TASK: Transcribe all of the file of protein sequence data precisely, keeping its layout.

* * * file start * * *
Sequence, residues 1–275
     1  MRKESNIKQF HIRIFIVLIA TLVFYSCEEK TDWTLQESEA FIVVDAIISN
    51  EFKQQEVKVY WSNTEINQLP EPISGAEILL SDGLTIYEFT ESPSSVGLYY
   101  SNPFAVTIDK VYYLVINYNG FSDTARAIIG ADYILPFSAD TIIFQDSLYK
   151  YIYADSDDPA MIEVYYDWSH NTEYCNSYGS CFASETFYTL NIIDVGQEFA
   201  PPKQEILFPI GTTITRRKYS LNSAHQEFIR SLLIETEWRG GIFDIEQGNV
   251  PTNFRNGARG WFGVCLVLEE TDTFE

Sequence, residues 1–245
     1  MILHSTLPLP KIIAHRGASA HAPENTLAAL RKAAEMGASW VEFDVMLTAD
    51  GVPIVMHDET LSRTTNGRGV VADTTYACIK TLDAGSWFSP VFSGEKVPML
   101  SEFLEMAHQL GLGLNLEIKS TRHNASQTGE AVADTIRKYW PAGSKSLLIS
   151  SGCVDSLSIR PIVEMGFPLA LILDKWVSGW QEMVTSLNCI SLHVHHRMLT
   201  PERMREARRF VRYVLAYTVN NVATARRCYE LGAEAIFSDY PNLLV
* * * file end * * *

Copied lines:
Sequence, residues 1–275
     1  MRKESNIKQF HIRIFIVLIA TLVFYSCEEK TDWTLQESEA FIVVDAIISN
    51  EFKQQEVKVY WSNTEINQLP EPISGAEILL SDGLTIYEFT ESPSSVGLYY
   101  SNPFAVTIDK VYYLVINYNG FSDTARAIIG ADYILPFSAD TIIFQDSLYK
   151  YIYADSDDPA MIEVYYDWSH NTEYCNSYGS CFASETFYTL NIIDVGQEFA
   201  PPKQEILFPI GTTITRRKYS LNSAHQEFIR SLLIETEWRG GIFDIEQGNV
   251  PTNFRNGARG WFGVCLVLEE TDTFE

Sequence, residues 1–245
     1  MILHSTLPLP KIIAHRGASA HAPENTLAAL RKAAEMGASW VEFDVMLTAD
    51  GVPIVMHDET LSRTTNGRGV VADTTYACIK TLDAGSWFSP VFSGEKVPML
   101  SEFLEMAHQL GLGLNLEIKS TRHNASQTGE AVADTIRKYW PAGSKSLLIS
   151  SGCVDSLSIR PIVEMGFPLA LILDKWVSGW QEMVTSLNCI SLHVHHRMLT
   201  PERMREARRF VRYVLAYTVN NVATARRCYE LGAEAIFSDY PNLLV